http://forums.phoenixrising.me/showthread.php?12518-List-of-XMRV-Research-Studies

(15) Unpublished XMRV studies and Future XMRV studies
http://phoenixrising.me/forums/showthread.php?12565-Unpublished-XMRV-studies-and-Future-XMRV-studies

(16) Recombinant Origin of the Retrovirus XMRV
Tobias Paprotka, Krista A. Delviks-Frankenberry, Oya Cingz, Anthony Martinez, Hsing-Jien Kung, Clifford G. Tepper, Wei-Shau Hu, Matthew J. Fivash Jr., John M. Coffin, Vinay K. Pathak
31 May 2011
Sciencexpress
http://www.sciencemag.org/content/early/2011/05/31/science.1205292.full.pdf

(17) XMRV is present in malignant prostatic epithelium and is associated with prostate cancer, especially high-grade tumors
Robert Schlaberga, Daniel J. Choeb, Kristy R. Browna, Harshwardhan M. Thakerb and Ila R. Singh,
September 8, 2009
PNAS
http://www.pnas.org/content/early/2009/09/04/0906922106.abstract

(18) New WPI and CDC XMRV sequences in genbank
http://forums.phoenixrising.me/showthread.php?11714-New-WPI-and-CDC-XMRV-sequences-in-genbank

(19) Addendum to the Science paper:
Detection of an Infectious Retrovirus, XMRV, in Blood Cells of Patients with Chronic Fatigue Syndrome
http://www.landesbioscience.com/journals/virulence/MikovitisVIRU1-5.pdf

(20) Low Degree of Human T-Cell Leukemia/Lymphoma Virus Type I Genetic Drift In Vivo as a Means of Monitoring Viral Transmission and Movement of Ancient Human Populations
ANTOINE GESSAIN, ROBERT C. GALLO, AND GENOVEFFA FRANCHINI
21 October 1991
http://jvi.asm.org/cgi/reprint/66/4/2288

(21) Complete Nucleotide Sequence of a Highly Divergent Human T-Cell Leukemia (Lymphotropic) Virus Type I (HTLV-I) Variant from Melanesia: Genetic and Phylogenetic Relationship to HTLV-I Strains from Other Geographical Regions
ANTOINE GESSAIN, ENZO BOERI, RICHARD YANAGIHARA, ROBERT C. GALLO, AND GENOVEFFA FRANCHINI
12 November 1992
http://jvi.asm.org/cgi/reprint/67/2/1015.pdf

(22) The Low Evolutionary Rate of Human T-Cell Lymphotropic Virus Type-1 Confirmed by Analysis of Vertical Transmission Chains
S. Van Dooren, O. G. Pybus, M. Salemi, H.-F. Liu, P. Goubau, C. Remondegui, A. Talarmin, E. Gotuzzo, L. C. J. Alcantara, B. Galvo-Castro, and A.-M. Vandamme
January 22, 2004
Molecular Biology and Evolution
http://mbe.oxfordjournals.org/content/21/3/603.full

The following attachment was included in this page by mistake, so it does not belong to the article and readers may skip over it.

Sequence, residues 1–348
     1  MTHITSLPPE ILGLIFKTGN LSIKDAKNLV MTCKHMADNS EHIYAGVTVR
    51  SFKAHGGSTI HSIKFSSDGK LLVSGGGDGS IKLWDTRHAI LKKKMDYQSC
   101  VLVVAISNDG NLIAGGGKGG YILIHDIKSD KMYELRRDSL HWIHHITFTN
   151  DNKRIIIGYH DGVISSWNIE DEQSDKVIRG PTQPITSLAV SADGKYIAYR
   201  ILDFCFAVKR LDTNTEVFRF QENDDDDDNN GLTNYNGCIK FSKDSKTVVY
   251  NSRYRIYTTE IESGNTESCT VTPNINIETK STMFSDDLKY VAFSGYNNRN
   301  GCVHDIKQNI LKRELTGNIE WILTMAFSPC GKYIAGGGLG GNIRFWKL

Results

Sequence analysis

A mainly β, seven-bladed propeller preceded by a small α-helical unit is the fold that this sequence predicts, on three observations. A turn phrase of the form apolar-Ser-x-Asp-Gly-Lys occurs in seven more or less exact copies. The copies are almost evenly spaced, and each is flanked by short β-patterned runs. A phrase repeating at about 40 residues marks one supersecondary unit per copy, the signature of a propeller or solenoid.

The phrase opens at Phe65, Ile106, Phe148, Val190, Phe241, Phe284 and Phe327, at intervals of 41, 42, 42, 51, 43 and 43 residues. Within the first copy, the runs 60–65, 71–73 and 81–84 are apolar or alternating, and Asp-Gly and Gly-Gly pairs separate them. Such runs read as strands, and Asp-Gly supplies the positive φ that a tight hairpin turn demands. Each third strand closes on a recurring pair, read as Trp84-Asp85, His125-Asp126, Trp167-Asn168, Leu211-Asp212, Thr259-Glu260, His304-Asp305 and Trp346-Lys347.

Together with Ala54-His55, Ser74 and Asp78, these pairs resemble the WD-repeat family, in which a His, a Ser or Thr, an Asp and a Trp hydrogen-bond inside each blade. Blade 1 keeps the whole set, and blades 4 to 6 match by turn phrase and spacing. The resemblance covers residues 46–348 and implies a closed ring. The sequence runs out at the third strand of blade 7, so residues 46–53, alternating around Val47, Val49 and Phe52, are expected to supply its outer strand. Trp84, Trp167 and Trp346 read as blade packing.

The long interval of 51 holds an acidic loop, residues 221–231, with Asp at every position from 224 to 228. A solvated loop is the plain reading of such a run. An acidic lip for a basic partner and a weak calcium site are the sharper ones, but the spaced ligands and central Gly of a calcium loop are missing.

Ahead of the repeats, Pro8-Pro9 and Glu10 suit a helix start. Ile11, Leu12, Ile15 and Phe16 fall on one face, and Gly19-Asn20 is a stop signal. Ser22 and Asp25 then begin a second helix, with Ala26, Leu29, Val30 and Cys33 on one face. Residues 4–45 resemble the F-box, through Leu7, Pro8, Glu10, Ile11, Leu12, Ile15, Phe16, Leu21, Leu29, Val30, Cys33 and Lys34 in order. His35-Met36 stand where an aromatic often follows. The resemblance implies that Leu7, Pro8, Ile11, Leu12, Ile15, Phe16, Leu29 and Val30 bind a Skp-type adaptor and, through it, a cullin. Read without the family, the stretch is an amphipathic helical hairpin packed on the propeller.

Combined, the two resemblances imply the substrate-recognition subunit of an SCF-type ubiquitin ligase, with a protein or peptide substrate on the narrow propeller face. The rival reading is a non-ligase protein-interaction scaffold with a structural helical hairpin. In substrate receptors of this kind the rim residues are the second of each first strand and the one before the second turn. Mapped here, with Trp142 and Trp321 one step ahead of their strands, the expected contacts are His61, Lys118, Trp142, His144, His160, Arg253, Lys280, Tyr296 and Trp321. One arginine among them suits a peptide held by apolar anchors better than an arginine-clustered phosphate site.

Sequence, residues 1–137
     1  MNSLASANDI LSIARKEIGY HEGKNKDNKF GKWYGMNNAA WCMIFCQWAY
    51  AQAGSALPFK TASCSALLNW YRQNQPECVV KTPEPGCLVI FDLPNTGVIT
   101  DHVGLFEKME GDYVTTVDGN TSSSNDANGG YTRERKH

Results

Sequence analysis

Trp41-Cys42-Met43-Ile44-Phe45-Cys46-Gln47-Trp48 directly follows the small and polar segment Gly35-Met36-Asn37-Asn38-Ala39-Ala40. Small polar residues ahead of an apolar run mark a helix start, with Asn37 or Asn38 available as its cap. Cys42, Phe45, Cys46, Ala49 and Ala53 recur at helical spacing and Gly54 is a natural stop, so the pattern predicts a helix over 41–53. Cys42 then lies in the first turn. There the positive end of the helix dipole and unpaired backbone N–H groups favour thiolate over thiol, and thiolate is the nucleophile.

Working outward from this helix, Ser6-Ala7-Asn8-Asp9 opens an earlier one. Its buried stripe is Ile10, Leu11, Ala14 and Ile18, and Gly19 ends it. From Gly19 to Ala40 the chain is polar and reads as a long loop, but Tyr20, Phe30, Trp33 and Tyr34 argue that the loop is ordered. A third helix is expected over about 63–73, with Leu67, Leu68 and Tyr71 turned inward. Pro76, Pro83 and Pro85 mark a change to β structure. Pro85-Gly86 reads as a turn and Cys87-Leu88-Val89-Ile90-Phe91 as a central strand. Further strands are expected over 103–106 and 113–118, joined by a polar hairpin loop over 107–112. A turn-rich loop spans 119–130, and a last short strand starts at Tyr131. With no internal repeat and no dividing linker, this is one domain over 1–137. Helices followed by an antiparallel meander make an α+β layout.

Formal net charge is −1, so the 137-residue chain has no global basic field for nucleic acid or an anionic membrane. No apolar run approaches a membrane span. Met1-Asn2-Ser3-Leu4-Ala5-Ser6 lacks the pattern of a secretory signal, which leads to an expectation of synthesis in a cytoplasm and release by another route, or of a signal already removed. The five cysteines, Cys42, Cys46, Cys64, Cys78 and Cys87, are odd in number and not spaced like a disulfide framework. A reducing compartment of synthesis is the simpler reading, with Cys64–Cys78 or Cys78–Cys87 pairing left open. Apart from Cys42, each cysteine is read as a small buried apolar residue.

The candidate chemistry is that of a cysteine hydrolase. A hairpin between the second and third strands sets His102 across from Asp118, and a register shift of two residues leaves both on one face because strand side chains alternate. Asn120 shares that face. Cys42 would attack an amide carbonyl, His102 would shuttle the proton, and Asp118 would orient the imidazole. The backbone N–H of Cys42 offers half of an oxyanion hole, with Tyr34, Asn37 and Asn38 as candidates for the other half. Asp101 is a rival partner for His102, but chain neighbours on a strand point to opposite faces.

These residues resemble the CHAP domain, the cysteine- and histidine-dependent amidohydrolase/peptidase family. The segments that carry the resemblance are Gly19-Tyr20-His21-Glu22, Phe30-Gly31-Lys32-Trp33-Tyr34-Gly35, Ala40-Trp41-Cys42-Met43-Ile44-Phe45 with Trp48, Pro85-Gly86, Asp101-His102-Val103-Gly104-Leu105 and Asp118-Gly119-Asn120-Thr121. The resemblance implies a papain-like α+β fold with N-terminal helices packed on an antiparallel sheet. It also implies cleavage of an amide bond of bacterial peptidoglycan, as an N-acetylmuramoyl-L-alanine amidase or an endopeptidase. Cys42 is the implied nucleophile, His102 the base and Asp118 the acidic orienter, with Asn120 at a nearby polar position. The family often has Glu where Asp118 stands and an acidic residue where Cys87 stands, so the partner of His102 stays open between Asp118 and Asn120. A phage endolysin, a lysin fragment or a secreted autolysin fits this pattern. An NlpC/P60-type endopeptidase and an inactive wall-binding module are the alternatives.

(23) A Comparison of Methods for the Detection and Association of XMRV in Chronic Fatigue Syndrome - Replication Analysis.
WPI
June 2011
http://files.me.com/jdj88/tzgfod
http://treatingxmrv.blogspot.com/2011/06/comparison-of-methods-for-detection-and.html

(24) Identification of a novel Gammaretrovirus in prostate tumors of patients homozygous for R462Q RNASEL variant.
Urisman A, Molinaro RJ, Fischer N, Plummer SJ, Casey G, Klein EA, Malathi K, Magi-Galluzzi C, Tubbs RR, Ganem D, Silverman RH, DeRisi JL.
31st March 2006
http://www.ncbi.nlm.nih.gov/pubmed/16609730?dopt=Abstract&holding=f1000,f1000m,isrctn
(XMRV was first discovered in 2006 in prostate cancer patients. This is the original XMRV paper)
(Results: XMRV in QQ genotype = 40%, XMRV in RQ + RR genotypes = 1.5%, Healthy controls = not tested.)
  1. Bob
    Thanku for all of the positive feedback everyone. It makes it worthwhile doing it. :Retro smile:
  2. RustyJ
    Invaluable resource Bob. Intelligently and cogently written. Even I understood this. Easily the best summary on the subject I have read to date.

    i hope you can keep it up to date. Can I repost with attribution?
  3. fadingstar
    Thanks Bob....now if they could just stop fighting about whether it is or isn't and start figuring out what to do about it in the sick patients. sue
  4. currer
    Well done Bob for going through all this so systematically.
    Needless to say I agree with all of it!
  5. alex3619
    Hi Bob, the KDM data is likely to go higher for prevalence of XMRV, as he is doing biopsies now not just blood tests. Rumour, not substantiated to my satisfaction yet, has it that he is now finding it more often. Bye, Alex
  6. alex3619
    Bob, I waste a lot of time finding the same articles again and again, the result of my brain operating in the Twilight Zone. Having one article with lots of useful links will help a lot. Thank you. It should come as no surprise that I agree with your blog. Alex
  7. GaryK
    Bob your amazing! Brilliantly done. Thanks so much for all this effort.
    GaryK
  8. ukxmrv
    Bob, this is a magnificent effort.

    We owe you a beer, in fact a whole case of beers!

    I'm constantly looking for information or reminding myself which study said this.. and that.

    It's a real relief to find so much in one place and so well argued.

    Thank you!
  9. MEG
    Thank you so much. Amazing job.
  10. Enid
    Great to see this brought together Bob - many thanks for all your hard work. Can't comment as a non scientist but it seems to me XMRV just will not go away - the field and any conclusions are wide open still.